Overview

When you buy a Raspberry Pi, it may or may not be sold with an SD card. The SD card is important because this is where the Raspberry Pi keeps its operating system and is also where you will store your documents and programs.  

Even if your Pi came with an SD card with an operating system on, it is a good idea to update it to the latest version, as improvements and bug fixes are going in all the time. Since putting the operating system onto an SD card wipes everything else off the card, it is worth considering using a USB flash drive for your documents, so that when you install a new version of the operating system, you don't have the complication of copying them off somewhere safe before reformatting the SD card.

If your Pi did not come with an SD card then the minimum size you should get is 4GB, but buy a bigger SD card if you think you will need the space. (If you're planning to store media files or work with other SD card images on your Pi, you probably need a bigger card.)

This lesson shows you how to create an SD card for your Raspberry Pi.

You Will Need

To prepare an SD card for your computer, you will need:

A 'regular' computer with a built-in SD card reader, or an add-on USB SD card reader. The instructions here are for Windows and Mac. You can pick up a tiny microSD card reader/writer that is nice and fast and works with all USB ports at the Adafruit shop.

An SD card at least 4GB in capacity. You can pick one up that is tested and guaranteed to work with the Raspberry Pi at the Adafruit shop. (If buying elsewhere, remember that for the Pi 2, you'll need microSD.)

Downloading an Image

The operating system that will be installed onto the SD card must be downloaded from the Internet. This will usually be a zip file that then extracts to a file of type .img an image file. Whatever image file you download, the actual installation process is the same.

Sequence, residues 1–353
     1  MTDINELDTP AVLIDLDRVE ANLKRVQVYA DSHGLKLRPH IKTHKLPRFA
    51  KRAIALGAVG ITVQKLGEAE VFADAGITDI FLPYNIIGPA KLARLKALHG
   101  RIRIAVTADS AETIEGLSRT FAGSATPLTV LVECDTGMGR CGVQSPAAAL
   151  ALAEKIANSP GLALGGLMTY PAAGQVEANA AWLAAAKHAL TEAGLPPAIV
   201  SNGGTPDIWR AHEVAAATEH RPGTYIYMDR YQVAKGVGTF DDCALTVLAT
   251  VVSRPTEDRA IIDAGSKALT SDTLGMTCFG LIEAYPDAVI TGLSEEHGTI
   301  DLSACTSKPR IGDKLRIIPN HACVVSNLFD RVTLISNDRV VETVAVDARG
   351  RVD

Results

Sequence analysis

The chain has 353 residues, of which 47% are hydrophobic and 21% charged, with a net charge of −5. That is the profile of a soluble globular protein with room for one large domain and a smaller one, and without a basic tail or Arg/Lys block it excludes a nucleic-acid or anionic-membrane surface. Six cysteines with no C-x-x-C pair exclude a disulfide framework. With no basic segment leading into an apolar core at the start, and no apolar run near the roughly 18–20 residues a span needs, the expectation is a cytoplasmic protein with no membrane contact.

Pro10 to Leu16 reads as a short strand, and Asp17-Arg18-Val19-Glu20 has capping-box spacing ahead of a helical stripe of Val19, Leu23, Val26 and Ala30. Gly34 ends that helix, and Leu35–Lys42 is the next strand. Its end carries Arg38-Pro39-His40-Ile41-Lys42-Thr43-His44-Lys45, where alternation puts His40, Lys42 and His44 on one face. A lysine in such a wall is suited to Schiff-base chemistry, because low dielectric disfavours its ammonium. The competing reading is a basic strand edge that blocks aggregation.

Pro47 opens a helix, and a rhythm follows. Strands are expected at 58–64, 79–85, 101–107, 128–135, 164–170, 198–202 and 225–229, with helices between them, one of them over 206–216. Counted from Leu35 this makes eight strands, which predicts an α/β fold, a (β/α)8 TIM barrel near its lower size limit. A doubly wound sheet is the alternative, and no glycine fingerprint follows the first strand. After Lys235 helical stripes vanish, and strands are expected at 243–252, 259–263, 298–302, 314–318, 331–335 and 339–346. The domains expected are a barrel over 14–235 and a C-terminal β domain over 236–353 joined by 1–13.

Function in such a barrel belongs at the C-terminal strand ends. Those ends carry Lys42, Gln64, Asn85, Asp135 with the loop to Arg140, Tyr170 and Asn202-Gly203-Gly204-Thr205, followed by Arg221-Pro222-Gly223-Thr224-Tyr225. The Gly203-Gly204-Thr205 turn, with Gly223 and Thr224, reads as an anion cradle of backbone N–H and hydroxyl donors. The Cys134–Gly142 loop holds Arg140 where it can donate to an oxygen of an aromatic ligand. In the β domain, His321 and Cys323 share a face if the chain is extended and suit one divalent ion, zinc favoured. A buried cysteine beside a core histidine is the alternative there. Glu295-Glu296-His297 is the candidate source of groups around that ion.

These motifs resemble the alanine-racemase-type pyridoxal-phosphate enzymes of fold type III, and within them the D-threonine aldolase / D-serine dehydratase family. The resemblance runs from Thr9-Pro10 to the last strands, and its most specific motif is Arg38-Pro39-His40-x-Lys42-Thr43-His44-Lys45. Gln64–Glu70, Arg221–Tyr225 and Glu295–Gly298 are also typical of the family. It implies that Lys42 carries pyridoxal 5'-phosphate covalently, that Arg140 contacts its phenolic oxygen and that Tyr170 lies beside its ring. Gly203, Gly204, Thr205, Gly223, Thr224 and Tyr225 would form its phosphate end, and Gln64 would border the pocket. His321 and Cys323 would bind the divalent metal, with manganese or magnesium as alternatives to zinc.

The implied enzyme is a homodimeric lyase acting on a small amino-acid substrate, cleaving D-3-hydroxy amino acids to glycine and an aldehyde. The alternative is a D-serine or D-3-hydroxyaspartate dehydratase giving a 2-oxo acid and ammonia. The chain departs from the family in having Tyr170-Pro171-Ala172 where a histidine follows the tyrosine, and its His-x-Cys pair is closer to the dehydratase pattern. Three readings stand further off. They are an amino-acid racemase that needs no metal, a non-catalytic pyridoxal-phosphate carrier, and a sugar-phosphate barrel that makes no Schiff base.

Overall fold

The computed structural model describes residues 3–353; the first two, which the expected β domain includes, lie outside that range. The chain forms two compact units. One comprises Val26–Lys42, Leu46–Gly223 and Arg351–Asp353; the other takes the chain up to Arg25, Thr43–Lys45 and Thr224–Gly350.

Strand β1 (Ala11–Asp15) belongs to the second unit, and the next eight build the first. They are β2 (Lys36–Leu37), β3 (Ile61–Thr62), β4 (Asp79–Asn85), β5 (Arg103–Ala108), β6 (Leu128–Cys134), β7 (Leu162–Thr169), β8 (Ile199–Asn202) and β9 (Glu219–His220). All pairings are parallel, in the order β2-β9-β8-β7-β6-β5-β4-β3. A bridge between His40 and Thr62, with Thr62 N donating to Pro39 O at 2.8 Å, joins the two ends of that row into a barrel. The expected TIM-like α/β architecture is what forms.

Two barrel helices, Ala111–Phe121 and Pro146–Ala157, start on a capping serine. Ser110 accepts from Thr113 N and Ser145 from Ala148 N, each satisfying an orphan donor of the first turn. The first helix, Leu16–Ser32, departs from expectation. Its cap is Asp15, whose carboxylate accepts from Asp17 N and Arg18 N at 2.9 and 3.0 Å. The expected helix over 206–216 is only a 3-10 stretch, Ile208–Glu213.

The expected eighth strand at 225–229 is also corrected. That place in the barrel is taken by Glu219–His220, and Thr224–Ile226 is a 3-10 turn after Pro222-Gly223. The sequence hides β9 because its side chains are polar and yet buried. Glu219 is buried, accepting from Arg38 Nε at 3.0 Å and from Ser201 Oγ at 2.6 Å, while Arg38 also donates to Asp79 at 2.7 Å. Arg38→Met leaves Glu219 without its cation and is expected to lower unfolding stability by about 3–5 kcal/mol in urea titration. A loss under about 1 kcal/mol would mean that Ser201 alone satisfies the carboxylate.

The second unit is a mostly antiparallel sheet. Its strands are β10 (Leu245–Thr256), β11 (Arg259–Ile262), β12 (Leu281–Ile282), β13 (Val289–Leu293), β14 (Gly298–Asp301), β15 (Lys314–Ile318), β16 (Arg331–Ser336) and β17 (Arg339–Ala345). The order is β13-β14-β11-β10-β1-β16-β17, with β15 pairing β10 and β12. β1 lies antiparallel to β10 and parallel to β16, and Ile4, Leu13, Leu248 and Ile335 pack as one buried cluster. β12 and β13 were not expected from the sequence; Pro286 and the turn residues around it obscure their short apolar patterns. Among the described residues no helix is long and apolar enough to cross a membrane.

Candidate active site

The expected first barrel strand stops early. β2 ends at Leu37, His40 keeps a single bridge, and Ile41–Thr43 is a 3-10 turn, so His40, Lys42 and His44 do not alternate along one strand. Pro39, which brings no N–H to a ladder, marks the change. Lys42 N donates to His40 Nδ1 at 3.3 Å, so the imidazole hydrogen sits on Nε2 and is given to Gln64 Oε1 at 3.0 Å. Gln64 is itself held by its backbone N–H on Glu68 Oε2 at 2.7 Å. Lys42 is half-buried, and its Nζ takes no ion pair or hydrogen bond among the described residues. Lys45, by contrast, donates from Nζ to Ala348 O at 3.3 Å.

Choose your Operating System

There are a bewildering number of operating systems that you can install on your Raspberry Pi. If you are a beginner, you'll probably want to stick with one of the Linux distributions.

Choose your Distribution

Having decided you want to install Linux, that is not the end of the story. You now have to decide which distribution or 'distro' of Linux you want to install. Being an Open Source operating system, anyone can take one of the existing distributions an add things to it or configure it in a certain way before packaging it up as another distribution option for anyone to use. This is how the most common Raspberry Pi distribution, 'Raspbian', came into existence. The existing 'Debian' distribution was configured and kitted out with useful things like IDLE (a python-programming language development editor) and Scratch (a learn-to-program gaming system) to make it suitable for the Pi.

All of the Adafruit tutorials (and nearly every other tutorial online) will work with Raspbian, and nearly every Pi out there runs it.

Additionally, Adafruit offers a growing set of tools for working with Raspbian installations, including the Adafruit Raspberry Pi Finder, a GUI for configuring your Pi over the network, and Occidentalis, a collection of utilities for hardware support and hacking.

Previous versions of Occidentalis were built as standalone images, but we've since turned it into a set of packages for Raspbian.

(Incidentally, the name Occidentalis comes from the Latin name for the raspberry, Rubus Occidentalis.)

Extract the Image File

Whatever distribution you're installing, you'll probably have a zip file that looks something like one of these:

...open the .zip and extract the .img to your desktop.

Making an SD Card – Using Windows